The U.S. Department of Energy’s (DOE’s) Building Technologies Office held its fourth-annual PEER Review in Virginia recently, and much of what was presented could be beneficial to the fenestration industry. Then again, some of it could be unnerving. I’ll explain.

The primary purpose of the PEER Review is to involve industry experts to judge the various projects DOE is funding as well as allow interested parties to observe. More than anything, I’m seeing the PEER Review transition into a networking opportunity between national labs and industry professionals.

The DOE kicked off this year’s meetings with a summary of 2015 accomplishments, reinforcing its methodology to seed the market with new technologies for more energy-efficient buildings—both new construction and retrofit. There were more than 100 sessions with topics ranging from the building envelope and appliances to energy codes with seven directly relating to the fenestration industry.

A key part of the DOE’s plan is its newly created “Advancing Technology to Market” activity that encourages industry partners to embrace new technologies, as well as provides incentives and recognition for early adopters. One of the most interesting projects being developed at ORNL is a nanoarticle porous silica, which is a potentially transparent insulation better than aerogel.

As I said, there were lots of positives. But … one potentially concerning topic was the market introduction of Low-E Storm Windows, a program that is soon to be one of the first Energy Star attachments.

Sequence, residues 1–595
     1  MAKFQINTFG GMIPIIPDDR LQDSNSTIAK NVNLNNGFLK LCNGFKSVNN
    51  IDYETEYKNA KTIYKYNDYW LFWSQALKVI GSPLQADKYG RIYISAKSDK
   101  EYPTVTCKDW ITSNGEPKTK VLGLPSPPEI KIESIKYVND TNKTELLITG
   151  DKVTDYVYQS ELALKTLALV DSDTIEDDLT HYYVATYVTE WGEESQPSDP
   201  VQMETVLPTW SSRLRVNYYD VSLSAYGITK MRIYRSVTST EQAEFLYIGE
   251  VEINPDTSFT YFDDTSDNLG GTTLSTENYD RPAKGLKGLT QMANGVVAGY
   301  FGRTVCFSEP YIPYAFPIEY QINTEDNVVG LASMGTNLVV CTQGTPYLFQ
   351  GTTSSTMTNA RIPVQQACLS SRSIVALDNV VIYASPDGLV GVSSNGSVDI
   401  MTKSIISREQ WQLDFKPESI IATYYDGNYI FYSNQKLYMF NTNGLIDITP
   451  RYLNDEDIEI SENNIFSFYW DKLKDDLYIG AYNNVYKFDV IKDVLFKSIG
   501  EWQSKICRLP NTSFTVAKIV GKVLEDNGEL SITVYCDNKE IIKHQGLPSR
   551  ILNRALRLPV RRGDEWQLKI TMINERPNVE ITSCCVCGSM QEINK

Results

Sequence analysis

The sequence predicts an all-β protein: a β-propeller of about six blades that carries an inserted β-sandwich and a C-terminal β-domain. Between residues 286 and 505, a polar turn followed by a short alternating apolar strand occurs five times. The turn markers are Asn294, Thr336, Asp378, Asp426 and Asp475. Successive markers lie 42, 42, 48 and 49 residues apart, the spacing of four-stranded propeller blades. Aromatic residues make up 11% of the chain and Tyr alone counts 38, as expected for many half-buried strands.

According to studies conducted by the DOE’s Building Technology office and Pacific Northwest National Laboratory (PNNL), “Installing a low-E storm window over a low-performing window can reduce a home’s heating and cooling costs by 10%–35%.” They are presenting it as a cost-effective alternative to window replacement.

It’s difficult to tell at this point what extent widespread adoption of Low-E storm windows will have on replacement sales. But as an industry we need to stand up and pay attention. As always, the purpose of reporting on this meeting is to keep us all better informed. The View from Here is change can be uncomfortable. But change almost always means opportunity for someone.

If you haven’t already, I encourage you all to review the 2015 highlights and email me directly at with your View.

1 Comment

  1. It would be great to have some recognition that storm windows are still a viable alternative. The historical societies are starting to use storm windows to allow them to restore the original windows. We introduced our exterior laminates on our storm window line a few years ago.

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